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Cisco To Partners: Break Down The Barrier Between Your Marketing, Sales Teams

Cisco executives Tuesday kicked off the networking giant's annual Velocity partner marketing event by urging partners to kick down the walls between their sales and marketing organizations.

With the rise of trends like social media and business-outcome selling, partner marketing organizations are playing a very different -- and more critical -- role than they ever have before, Cisco executives told partners Tuesday.

"The role of marketing is changing," said Sherri Liebo, vice president of Cisco Global Partner Marketing, in her opening session Tuesday at the Cisco Velocity event, taking place this week in Chicago. "We are becoming more strategic within our companies. We are moving from a traditional role of communications and sales support to a role where we are identifying new opportunities for our sales force, we're engaging with customers across new touch points, and we are driving pipeline."

The theme of this year's Velocity event -- an annual Cisco conference designed specifically for partner marketing professionals -- is "Be What's Next." The focus of this year's event, Liebo said, is to help channel marketing organizations do just that, by not only leveraging next-generation marketing tools like Twitter or LinkedIn, but through "revenue marketing," the process of aligning marketing campaigns more closely with sales and business objectives to generate a more measurable marketing ROI.

[Related: EMC, VMware Team With Cisco Rival Arista As Software-Defined Networking Battle Heats Up ]

"We need to realize that our role is changing within our organizations, and how critical it is to break down any lingering barriers between sales and marketing and, in fact, [between] any other function inside the company -- anything that gets in the way of building a seamless connection with our customers," Liebo told partners.

To help partners embrace revenue marketing, Cisco at its Global Partner Summit last year committed to generating $1 billion worth of qualified leads to hand over to partners in one year. According to Liebo, Cisco, less than a year later, has generated $2 billion in leads, 21 percent of which, she said, have already been converted to partner revenue. Twenty percent of those deals, she said, were net new to Cisco.

"We have made fantastic progress on our revenue marketing journey together," Liebo said.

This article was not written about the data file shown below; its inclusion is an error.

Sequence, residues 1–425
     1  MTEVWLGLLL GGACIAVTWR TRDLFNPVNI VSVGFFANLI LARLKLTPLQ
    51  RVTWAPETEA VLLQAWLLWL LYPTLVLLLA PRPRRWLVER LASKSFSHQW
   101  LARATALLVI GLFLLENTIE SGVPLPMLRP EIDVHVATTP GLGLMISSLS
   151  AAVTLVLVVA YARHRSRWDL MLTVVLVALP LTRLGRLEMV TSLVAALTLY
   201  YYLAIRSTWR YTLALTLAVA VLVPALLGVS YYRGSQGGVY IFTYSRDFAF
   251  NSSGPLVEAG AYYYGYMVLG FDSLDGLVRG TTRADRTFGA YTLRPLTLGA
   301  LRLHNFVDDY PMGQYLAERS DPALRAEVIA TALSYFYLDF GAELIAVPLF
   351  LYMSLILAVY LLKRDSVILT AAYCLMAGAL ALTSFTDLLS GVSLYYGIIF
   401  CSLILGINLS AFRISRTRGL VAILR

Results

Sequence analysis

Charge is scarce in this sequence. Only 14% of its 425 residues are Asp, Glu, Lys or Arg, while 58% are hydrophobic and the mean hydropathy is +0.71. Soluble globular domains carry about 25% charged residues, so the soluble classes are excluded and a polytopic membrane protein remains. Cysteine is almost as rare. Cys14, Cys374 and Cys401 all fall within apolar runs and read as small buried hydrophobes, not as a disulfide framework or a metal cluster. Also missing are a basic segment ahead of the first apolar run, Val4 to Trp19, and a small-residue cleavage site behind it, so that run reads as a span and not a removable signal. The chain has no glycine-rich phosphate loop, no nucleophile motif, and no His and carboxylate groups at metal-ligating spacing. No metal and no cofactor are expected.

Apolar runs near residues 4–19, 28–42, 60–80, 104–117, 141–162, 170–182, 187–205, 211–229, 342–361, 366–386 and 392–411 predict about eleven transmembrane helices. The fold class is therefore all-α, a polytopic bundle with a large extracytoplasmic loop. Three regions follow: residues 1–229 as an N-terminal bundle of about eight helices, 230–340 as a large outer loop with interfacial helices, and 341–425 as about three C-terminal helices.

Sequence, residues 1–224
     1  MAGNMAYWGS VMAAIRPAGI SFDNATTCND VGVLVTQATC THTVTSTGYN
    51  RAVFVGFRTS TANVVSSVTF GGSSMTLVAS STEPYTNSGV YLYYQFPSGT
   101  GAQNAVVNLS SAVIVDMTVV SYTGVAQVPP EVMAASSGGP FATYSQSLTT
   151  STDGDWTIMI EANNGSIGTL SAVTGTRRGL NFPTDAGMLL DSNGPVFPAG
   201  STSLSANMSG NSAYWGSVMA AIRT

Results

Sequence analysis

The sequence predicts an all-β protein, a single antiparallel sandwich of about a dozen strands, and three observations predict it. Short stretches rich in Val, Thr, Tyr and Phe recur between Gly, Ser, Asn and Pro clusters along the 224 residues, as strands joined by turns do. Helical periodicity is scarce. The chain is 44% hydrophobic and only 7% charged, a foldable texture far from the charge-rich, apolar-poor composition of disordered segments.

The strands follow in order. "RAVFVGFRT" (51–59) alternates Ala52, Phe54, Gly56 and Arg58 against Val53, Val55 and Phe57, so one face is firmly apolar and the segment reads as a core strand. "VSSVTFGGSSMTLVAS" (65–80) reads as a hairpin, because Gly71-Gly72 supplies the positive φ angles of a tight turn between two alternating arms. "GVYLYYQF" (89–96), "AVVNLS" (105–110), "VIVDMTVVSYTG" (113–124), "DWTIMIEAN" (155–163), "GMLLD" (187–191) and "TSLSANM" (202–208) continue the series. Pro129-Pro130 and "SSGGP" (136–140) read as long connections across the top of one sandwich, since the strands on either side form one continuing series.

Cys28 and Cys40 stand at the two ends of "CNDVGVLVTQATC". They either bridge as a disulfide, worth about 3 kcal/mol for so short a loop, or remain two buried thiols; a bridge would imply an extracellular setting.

Haley Montgomery, director of marketing and partner development at TekLinks, a Birmingham, Ala.-based Cisco Gold partner, said her biggest objective is to strengthen the TekLinks brand, making it as recognizable to customers as the company's OEM partner brands are today.

"Unless you have been sold a TekLinks product or know a TekLinks salesperson, you might not know who TekLinks is," said Montgomery said, noting that she recently kicked off a new social media strategy as a first step. "We are kind of starting from scratch, in a lot of ways, which is kind of a bad thing and a good thing."

NEXT: Business Value Practitioner


In addition to breaking down the silos between marketing and sales teams, Cisco Tuesday urged partners to evolve their marketing strategies in other ways, such as selling to line-of-business and other non-IT executives, and adapting their customer conversations to do that.

"Every conversation I have with customers these days, they want us to talk to them in their vernacular. It's not, tell me about their collaboration technology, [or] tell me about your data center technology," said Bruce Klein, senior vice president, Worldwide Partner Organization at Cisco. "It's about, 'Tell me how you are going to help improve the productivity of my organization.'"

To nudge partners toward these new conversations, Cisco in August introduced its Business Value Practioner partner certification, which helps partners map Cisco technology to specific business outcomes, and then communicate those outcomes to partners. Last month, Cisco made its Business Value Practioner certification a requirement for Gold-level partners.

Finally, Klein suggested partners develop internal marketing and sales teams that are focused on select vertical markets like health care or retail, to ensure, again, that they are selling customer-specific outcomes, rather than just technology.

Klein said Cisco's recently launched Solution Partner Program, designed to host Cisco technology and ISV partners, is intended to help partners bulk up this vertical expertise. The idea is that these ISVs and vendor partners will develop industry-specific solutions and applications, certified to work with Cisco technology, to be sold through the Cisco channel. Cisco is building an online marketplace to help solution providers find and team up with these third-party vendors.

PUBLISHED MAY 6, 2014

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